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Obsequiae delves further into the past - 83%

Inabayama, June 1st, 2015

At long last, Obsequiae have delivered a followup to their debut full length "Suspended in the Brume of Eos". Since hearing their debut years ago and enjoying it’s medieval-tinged take on black/death/doom metal, I eagerly awaited another release. I also hoped that they would attract the attention of a bigger label (as much as I love many Bindrune releases), and improve upon many of the undesirable production aspects featured on "Suspended". Despite the debut having a great many flaws (length, lack of variation, production, etc), it was still full of incredible moments and unique songwriting, and it unfortunately flew under the radar of many. It seemed that many also failed to pick up on the sparser medieval aspects of "Suspended", although I heard terms like “Grecian-style” black metal thrown around frequently, due to obvious influences in much of the album’s song writing. "Aria of Vernal Tombs" shows Obsequiae continuing from where "Suspended" left off, and progressing leagues ahead in the process. Most of the issues on "Suspended" have been addressed, and remedied here.

Upon hearing the beautiful harp strings of “Ay Que por Muy Gran Fremosura” the first track off "Aria", it is immediately clear that Obsequiae’s medieval compositional stylings have returned and are far beyond what was found on the debut. Harp/acoustic pieces bookend standard metal tracks that, much like "Suspended", sit on the fence between several styles, such as black, death, and doom. Every acoustic piece is bathed in gentle reverb and echo, and each metal track is clear and triumphant. Unlike the debut, where the medieval stylings were confined to the interludes and a small handful of metal tracks, "Aria" embraces medieval composition at every level, including every metal track. In addition to the music itself, many of the song titles evoke the middle ages through language itself, with what I would guess to be a mixture of medieval ancestors of French, among other things. On "Suspended", Obsequiae ditched archaic medieval languages in favor simpler fare, even when the music itself was directly taken from a medieval composition, such as the track “Sidhe”, which is a variation of the medieval piece “Stella Splendens”. "Aria" seems to forgo the pussyfooted approach of the debut and instead doubles down, going straight back to the source.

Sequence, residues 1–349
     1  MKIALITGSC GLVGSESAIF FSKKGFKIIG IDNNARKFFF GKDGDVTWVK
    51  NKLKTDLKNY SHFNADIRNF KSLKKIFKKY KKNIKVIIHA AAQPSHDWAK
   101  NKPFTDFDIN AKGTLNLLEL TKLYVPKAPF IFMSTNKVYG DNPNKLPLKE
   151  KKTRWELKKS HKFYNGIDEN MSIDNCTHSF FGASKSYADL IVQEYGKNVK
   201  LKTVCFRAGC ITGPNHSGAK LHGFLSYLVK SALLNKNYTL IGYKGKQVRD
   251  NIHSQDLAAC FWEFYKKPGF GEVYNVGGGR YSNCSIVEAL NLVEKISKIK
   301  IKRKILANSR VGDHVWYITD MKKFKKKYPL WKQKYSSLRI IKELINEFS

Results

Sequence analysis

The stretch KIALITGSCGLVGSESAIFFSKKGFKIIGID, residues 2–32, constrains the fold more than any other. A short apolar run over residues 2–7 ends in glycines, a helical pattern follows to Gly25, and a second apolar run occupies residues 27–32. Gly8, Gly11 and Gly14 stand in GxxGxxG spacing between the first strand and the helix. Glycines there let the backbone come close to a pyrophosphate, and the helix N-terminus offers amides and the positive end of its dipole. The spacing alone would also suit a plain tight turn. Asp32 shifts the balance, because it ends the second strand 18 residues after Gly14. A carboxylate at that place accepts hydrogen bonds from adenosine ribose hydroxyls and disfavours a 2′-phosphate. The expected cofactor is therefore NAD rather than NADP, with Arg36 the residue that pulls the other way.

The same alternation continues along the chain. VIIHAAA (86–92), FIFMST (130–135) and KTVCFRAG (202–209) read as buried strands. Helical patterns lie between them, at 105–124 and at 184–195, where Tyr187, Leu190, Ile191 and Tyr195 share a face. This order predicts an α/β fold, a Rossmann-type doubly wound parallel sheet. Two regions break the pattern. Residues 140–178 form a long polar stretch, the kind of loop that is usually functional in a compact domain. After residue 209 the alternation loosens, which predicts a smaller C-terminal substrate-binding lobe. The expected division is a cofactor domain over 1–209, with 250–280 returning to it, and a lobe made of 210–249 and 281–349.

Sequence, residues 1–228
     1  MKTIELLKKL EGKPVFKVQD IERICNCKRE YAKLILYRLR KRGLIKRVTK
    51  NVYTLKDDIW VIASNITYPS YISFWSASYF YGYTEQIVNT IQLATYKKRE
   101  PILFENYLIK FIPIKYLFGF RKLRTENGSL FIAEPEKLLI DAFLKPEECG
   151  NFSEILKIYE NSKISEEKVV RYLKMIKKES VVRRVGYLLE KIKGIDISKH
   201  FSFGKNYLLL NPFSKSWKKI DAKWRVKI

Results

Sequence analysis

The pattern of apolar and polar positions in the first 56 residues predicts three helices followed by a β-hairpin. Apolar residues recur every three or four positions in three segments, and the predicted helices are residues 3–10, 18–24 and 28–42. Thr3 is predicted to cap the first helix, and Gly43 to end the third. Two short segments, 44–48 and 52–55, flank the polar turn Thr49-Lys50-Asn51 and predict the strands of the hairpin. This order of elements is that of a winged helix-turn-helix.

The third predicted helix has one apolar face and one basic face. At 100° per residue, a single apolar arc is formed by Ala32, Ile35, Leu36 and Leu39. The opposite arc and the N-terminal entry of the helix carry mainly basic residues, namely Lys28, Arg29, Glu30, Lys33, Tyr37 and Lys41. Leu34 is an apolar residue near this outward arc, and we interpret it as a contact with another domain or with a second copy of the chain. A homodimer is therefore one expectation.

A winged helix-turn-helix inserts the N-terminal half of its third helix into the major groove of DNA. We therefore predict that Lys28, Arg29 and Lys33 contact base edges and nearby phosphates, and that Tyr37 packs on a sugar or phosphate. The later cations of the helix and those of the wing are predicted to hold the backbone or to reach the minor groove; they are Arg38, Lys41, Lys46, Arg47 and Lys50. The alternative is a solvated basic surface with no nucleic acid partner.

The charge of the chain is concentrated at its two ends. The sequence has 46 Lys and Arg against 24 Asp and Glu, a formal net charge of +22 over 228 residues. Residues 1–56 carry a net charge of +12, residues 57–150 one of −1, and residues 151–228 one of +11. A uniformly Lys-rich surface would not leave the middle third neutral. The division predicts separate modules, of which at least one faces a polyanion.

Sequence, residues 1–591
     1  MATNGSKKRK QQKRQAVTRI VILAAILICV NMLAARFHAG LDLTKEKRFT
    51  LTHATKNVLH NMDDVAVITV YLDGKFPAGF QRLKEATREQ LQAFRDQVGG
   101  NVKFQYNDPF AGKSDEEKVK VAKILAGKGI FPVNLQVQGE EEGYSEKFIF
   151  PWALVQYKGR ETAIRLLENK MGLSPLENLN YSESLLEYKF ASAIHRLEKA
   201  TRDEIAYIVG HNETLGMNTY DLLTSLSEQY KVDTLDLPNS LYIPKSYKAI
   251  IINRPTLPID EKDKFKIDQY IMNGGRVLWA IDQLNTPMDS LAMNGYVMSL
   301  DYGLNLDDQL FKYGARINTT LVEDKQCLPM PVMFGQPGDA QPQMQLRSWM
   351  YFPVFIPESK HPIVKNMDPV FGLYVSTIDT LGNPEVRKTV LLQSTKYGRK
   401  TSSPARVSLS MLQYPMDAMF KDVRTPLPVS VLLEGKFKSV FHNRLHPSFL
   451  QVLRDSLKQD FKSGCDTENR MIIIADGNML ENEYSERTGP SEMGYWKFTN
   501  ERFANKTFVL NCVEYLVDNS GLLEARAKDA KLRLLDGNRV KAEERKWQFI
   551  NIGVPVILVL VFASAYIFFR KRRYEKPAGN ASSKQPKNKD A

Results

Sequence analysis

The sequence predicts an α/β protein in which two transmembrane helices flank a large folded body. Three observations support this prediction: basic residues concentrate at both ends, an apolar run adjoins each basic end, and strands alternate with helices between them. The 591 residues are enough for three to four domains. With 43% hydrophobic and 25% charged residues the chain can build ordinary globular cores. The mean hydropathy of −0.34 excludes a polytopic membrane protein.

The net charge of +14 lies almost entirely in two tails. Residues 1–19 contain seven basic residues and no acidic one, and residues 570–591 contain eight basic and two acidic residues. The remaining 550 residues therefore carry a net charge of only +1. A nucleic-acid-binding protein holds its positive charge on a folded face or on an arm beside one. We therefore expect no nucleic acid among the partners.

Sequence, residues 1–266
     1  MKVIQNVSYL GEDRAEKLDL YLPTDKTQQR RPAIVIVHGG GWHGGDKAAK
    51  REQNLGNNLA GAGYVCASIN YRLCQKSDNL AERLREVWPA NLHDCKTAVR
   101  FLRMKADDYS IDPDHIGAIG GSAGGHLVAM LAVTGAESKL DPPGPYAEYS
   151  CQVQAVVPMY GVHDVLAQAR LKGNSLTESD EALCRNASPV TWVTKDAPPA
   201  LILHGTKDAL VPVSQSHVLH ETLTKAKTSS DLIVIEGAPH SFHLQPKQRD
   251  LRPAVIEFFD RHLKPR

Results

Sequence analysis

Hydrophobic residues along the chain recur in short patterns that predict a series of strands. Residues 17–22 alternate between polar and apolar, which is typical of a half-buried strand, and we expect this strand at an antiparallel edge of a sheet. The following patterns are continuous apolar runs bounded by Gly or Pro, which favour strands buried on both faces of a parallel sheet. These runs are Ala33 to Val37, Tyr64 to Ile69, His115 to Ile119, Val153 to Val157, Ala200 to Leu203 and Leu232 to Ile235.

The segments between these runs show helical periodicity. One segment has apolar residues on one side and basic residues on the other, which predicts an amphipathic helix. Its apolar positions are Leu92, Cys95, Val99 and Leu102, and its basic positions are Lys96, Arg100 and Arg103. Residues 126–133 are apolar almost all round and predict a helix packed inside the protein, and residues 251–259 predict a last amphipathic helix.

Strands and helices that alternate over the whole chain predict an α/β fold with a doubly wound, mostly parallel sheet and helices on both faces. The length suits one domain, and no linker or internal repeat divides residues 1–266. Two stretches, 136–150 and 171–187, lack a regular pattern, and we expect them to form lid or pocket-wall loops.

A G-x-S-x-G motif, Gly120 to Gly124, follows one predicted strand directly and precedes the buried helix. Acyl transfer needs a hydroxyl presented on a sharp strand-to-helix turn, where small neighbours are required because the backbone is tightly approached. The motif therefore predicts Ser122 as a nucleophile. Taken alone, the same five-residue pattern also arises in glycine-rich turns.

At it’s core, "Aria" is true medieval-influenced metal, a style that, at this point, doesn’t really exist in any definite way. Many bands classified under the massive umbrella of “folk” metal would probably claim to be “medieval metal” or wear medieval trappings on their sleeves, embracing the period aesthetic in lyrics, artwork, and, costume. Yet, almost none of these bands have truly created anything even remotely resembling medieval music. Which is what makes Obesequiae fundamentally unique. Rather than taking an approach that is common in much of what could be classified as “folk” metal, where a mishmash of folk instruments (or poor sounding digital synth facsimiles of folk instruments) play along with standard metal riffing and rhythm, Obsequiae use a completely traditional no frills metal set-up to create medieval music from the most foundational compositional level. Aside from the harp interludes, only standard metal staples are used, and with this limited toolkit, Obsequiae manage to achieve something that is not only incredibly enjoyable and exciting to listen to, but also progressive and almost avant-garde. By staying within the realm of tried and true classic metal, this album is able to transcend, making a bold statement.

There is not much to criticize about this album, however, while listening to "Aria", it’s easy to be instead slightly conflicted. The things mentioned that make Obsequiae groundbreaking also make me feel personally left wanting more. For example, I often find myself wishing that the harp interludes were included in the main tracks. Instead of bookending songs, having the interlude take place between two epic movements in a single track would be great. Having more powerful drums would also be a boon, with the drumming on Aria being a bit soft. More desirable would be something more akin to the standout drum production on Lantlos’ recent "Melting Sun". I also find myself wishing for longer songs with more common “experimental” elements and atmosphere. Something resembling the atmosphere of Agalloch at their most far flung reaches. However, these tendencies are not Obsequiae. Drum production aside, adding these ideas to Obsequiae’s composition would go against the grain of who they are at this point, and despite my desires, this band is a great total package. Maybe the more atmospheric and experimental medieval banner can be taken up by other artists. Overall, "Aria of Vernal Tombs" is an incredible ride, both fresh and beautiful. One can only hope Obsequiae will continue to deliver amazing medieval metal.